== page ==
Cars That Defined America
The birth of the automobile created a different world for transportation, as well as a whole new sector of economics and technology. Karl Benz, a German engineer, is considered the inventor of the modern car. However, as the United States grew during the 1900s so did automobiles. From the start of the 20th century American cars created their own lane on the world stage. Here are some of the cars that defined the United States of America.
Oldsmobile Model R (aka Curved Dash)
This car is credited with the title of the first mass-produced automobile. More than 12,000 were produced between 1901 and 1904. This Detroit classic had an impressive top speed of 20 mph with a 5 hp, water-cooled, single-cylinder engine.
Ford Model T
Of course when you think about the Godfather of American automobiles, this invention of Henry Ford comes to mind. The Model T was produced from 1908 through 1927. This car allowed middle-class Americans a new way of transportation, which is why it is credited as the first “affordable” automobile. Over 15 million were sold.
1931 Chevrolet AE Independence Six
The Six was introduced in 1929, just after the release of Ford’s Model A. This car was one of the only Chevys to outsell Ford. The reasons for this being its 6 cylinder engine and 50 hp, which was 10 more ponies than Ford. The Six was the starting point for the back-and-forth battle for dominance between Ford and Chevrolet.
This was the first Ford built without Henry Ford at the helm. Over 1 million were built; this includes two different models and two different engines. The design of the body and the replacement of leaf springs for coil springs marked a new direction for Ford
As automobile companies began creating a “sports car”. Chevrolet, in competition with Buick and Pontiac, decided to go for a two-seater, inspired by Jaguar’s XK-120 roadster. With its 150 hp and 236 cubic-inch engine, America’s “first sports car” was created and would go on to be a mainstay in American automobiles.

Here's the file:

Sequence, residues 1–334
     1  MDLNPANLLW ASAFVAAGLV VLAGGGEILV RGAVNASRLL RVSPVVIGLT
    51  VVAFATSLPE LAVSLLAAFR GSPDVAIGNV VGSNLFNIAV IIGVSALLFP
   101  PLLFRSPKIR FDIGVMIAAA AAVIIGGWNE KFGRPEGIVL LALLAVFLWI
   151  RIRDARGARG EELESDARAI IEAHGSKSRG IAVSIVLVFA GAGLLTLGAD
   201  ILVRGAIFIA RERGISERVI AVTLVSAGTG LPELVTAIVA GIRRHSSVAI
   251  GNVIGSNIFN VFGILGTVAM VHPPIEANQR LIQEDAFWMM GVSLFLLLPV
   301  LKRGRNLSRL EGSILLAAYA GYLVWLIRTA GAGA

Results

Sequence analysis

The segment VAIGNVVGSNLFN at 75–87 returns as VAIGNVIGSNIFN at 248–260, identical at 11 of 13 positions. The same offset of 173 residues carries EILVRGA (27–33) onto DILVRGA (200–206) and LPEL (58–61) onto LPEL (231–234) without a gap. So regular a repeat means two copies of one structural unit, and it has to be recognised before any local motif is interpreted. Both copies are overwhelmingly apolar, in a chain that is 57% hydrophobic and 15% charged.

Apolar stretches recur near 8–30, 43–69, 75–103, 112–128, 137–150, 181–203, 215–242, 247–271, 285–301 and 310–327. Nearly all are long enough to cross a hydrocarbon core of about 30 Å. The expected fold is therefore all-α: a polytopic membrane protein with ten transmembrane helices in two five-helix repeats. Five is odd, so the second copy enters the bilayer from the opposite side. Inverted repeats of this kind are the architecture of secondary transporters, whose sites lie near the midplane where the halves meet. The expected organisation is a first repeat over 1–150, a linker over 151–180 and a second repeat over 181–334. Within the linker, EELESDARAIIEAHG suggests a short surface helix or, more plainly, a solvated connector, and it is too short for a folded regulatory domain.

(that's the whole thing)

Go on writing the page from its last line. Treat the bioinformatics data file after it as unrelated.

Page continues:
1955 Chrysler C-300 (2 Door Hard Top)
The C-300 could be considered as the “first real muscle car”. The design of this car is what really sets it apart, even when you compare it to the popular ’55 Chevy. Its design, horsepower, and sporty suspension left its mark in American history. The 331 cubic-inch engine pumped out a standard 300 hp, more than any other American car that year. When the C-300 made it into NASCAR its almost 130 mph top speed made it the “world’s fastest stock car”.
This was the brainchild of driver and entrepreneur Carroll Shelby and was the ultimate hybrid of America and Europe. It told the world you could never have to many ponies under the hood. The Shelby Cobra came about as Ford was looking for a car that would compete against the Corvette; in 1962, the Windsor 221 cubic inch, lightweight, small-block V8 did just that.
1964 (and a half) Ford Mustang
When the design first rolled out it was just a Ford Falcon with a different body. However four months before 1965, the fastback version was introduced and Ford had created a whole new category-- “pony car”. This car became the forefather of a whole line of iconic American automobiles.
Pontiac GTO/Pontiac LeMans
Released in 1964, the first GTO was an optional package for the LeMans. This is considered by some as the “prototype” for muscle cars with big engines and mid-sized chassis and starting the trend between the four domestic manufactures for varieties in different models. From ’64-'74 more 500 thousand were built, with a starting price for the 2 door hardtop (GTO) at just below $3 thousand dollars.
1984 Plymouth Voyager, Dodge Caravan (Minivan)
Chrysler launched the first-generation minivan in ’84, creating a whole new breed of transportation and redefining the family car. The new look of the van was all about compact size, “car-like” noise and vibration, and removable seats for cargo. The significance of this car is primarily about the shift in culture and what consumers wanted during this time.
Also check out 8 of the Coolest Classic Cars.